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Glass Onion

Released 2022. Director: Rian Johnson

AFTER HIS SUCCESS WITH KNIVES OUT, RIAN JOHNSON returns as writer and director with an equally tightly plotted and hugely entertaining follow-up. If you enjoyed Knives Out, Glass Onion will satiate your appetite for a ripping murder mystery. The two movies are twins – they are tonally and stylistically similar – but this is not a sequel. Johnson’s new trick is to play with the structure of his narrative.

Halfway into Glass Onion, just as the plot thickens and the lights go out, Johnson flips the story around and takes us through the same events, this time from a different angle. No stones left unturned, or rather, no onions left unpeeled, as it were, as we get to the core. His careful writing is chockfull of detail and his refreshing directing compels a second viewing.

The set-up is the same as in Knives Out and will be familiar to fans of Agatha Christie. This is a sub-genre of the murder mystery where a bunch of rich people, usually obnoxious, find themselves cornered in an old mansion, on a boat, or a train where someone gets killed and everyone is a suspect.

This time, a tech billionaire invites his friends to his private Greek island resort to play a game of whodunnit. Except it turns real and one of them drops dead right in front of everybody else.

Miles Bron is the host of this elaborate gathering and his circle of friends called the “Disruptors” are Birdie the fashionista, Claire the aspiring Senator, Lionel the scientist and Duke the YouTube influencer, along with their hangers-on, Birdie’s assistant Peg and Duke’s girlfriend Whisky. Every one of them is indebted to Miles, mostly relying on his money.

The odd person here is Andi, co-creator of Alpha Industries with Miles before she was booted out of their partnership, with help from the old “friends” gathered here. Andi’s presence is an unwelcome surprise and the bad blood in the group manifests itself pretty quickly. One of them is stunned for another reason because, well, Andi is supposed to be dead but nobody else knows yet.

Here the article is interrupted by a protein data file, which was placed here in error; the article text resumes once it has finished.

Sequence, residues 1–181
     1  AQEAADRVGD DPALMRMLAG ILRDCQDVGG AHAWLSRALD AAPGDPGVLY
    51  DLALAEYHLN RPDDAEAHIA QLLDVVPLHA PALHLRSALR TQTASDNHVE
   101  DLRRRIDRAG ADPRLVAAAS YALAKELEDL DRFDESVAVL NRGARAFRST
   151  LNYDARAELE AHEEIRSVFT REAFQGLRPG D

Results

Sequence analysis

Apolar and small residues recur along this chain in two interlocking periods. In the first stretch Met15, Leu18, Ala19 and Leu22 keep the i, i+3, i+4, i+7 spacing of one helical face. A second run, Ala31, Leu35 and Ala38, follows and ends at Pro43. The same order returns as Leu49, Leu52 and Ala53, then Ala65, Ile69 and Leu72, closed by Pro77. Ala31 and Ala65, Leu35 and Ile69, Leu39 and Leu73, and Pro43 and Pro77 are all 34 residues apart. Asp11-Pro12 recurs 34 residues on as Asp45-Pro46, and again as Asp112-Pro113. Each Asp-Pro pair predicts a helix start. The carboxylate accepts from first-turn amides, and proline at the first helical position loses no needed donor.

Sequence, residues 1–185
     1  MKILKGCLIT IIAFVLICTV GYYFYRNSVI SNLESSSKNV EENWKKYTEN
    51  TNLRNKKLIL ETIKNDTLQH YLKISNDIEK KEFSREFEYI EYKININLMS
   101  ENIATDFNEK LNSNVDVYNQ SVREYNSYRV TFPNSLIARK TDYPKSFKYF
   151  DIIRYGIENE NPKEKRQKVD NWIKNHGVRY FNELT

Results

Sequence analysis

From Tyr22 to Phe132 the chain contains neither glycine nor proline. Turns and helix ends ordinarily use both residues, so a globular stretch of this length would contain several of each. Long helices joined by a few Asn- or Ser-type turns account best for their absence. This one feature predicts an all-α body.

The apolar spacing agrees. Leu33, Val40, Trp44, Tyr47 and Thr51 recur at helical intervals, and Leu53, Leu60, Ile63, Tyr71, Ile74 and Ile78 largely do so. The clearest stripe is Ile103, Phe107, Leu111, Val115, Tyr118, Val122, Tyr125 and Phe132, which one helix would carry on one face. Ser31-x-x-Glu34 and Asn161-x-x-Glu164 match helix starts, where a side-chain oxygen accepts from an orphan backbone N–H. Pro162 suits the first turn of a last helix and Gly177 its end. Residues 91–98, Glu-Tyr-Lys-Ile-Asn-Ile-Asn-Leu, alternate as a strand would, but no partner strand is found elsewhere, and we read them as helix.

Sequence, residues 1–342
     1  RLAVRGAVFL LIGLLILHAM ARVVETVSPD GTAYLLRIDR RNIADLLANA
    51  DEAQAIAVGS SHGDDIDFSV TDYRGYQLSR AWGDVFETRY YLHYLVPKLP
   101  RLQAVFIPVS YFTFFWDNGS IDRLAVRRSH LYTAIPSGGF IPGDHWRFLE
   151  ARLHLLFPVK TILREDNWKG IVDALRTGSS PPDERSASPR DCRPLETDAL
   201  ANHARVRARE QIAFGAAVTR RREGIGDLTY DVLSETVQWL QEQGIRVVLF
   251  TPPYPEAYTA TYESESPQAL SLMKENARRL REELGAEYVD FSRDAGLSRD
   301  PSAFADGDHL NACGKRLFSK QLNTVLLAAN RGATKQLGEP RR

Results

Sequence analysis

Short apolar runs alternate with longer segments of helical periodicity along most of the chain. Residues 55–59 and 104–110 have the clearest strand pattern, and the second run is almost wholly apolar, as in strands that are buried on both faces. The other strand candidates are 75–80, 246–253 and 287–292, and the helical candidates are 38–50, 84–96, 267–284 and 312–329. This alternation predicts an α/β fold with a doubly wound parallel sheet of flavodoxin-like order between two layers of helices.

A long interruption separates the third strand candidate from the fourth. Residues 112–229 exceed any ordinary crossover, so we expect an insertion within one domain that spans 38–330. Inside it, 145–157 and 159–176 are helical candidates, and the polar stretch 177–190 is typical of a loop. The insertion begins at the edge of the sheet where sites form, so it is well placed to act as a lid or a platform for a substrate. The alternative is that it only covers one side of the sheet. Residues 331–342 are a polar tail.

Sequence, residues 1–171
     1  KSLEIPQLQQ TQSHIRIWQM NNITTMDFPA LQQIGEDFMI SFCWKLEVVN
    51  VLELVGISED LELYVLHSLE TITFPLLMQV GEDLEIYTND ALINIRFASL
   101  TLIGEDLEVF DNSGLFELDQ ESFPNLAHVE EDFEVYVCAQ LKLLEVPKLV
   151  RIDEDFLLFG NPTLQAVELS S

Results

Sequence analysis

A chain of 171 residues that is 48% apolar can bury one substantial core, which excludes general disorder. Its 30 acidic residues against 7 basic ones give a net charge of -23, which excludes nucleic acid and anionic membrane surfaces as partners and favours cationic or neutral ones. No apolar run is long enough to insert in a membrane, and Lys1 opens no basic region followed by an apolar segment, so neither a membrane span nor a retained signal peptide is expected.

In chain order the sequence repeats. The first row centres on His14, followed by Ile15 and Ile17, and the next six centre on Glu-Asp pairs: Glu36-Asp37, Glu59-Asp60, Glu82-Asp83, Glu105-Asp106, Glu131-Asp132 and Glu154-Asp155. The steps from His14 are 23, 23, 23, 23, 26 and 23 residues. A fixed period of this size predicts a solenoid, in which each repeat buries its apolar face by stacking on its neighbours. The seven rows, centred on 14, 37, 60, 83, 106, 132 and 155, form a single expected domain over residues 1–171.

The line-up includes Edward Norton, Janelle Monáe, Kate Hudson, Kathryn Hann, Leslie Odom Jr and David Bautista, plus a slate of delightfully unexpected cameos including Hugh Grant, Yo-Yo Ma, Stephen Sondheim, and a nod to Murder, She Wrote with the final screen appearance of Angela Lansbury.

Returning as Benoit Blanc, the world’s greatest detective “according to Google,” Daniel Craig has comfortably settled into a new recurring role now that Bond is but a distant memory. He’s more relaxed in his second outing, more confident and loose, his Southern twang just as pronounced and betrays the quivering joy in his voice at shaping a new icon among screen detectives.

A character like Blanc is perfect for the job of skewering. Craig plays the eagle-eyed detective with a killer combination of self-deprecating humour and biting observation ideal for a light-hearted critique at the hollow-minded, self-serving and narcissistic clique of moochers without principles.

Glass Onion is a ton of fun. It requires your undivided attention to keep up and in return rewards you with solid entertainment and an absolute treat. From the premise of investigating a pretend murder, a guest drops dead, another person gets shot in the dark and we learn about yet another murder which occurred days before. Three attempts, three bodies (or two, actually). Johnson lays out the whole shebang and then systematically deconstructs all the connecting parts as if he’s dismantling a puzzle box. The energy never lags, the momentum keeps rolling but not so fast we lose the trail, until it's all revealed, making Glass Onion a must-see for puzzle lovers.

Click image above to view trailer. New window will open.

1 Comment

Feb 01, 2023

Yes, enjoyed this!

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